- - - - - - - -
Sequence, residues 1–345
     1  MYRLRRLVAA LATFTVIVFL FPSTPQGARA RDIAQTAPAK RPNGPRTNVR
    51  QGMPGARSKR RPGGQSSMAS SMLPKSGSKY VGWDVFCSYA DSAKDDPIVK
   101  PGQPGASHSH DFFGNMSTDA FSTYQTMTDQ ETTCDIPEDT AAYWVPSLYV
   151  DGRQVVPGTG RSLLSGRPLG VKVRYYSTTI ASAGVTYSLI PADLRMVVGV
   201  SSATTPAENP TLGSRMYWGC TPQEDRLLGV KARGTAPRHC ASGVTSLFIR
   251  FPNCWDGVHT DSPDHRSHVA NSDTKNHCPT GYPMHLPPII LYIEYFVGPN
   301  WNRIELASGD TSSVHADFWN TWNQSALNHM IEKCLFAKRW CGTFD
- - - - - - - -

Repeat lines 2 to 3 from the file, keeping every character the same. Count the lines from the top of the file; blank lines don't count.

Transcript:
     1  MYRLRRLVAA LATFTVIVFL FPSTPQGARA RDIAQTAPAK RPNGPRTNVR
    51  QGMPGARSKR RPGGQSSMAS SMLPKSGSKY VGWDVFCSYA DSAKDDPIVK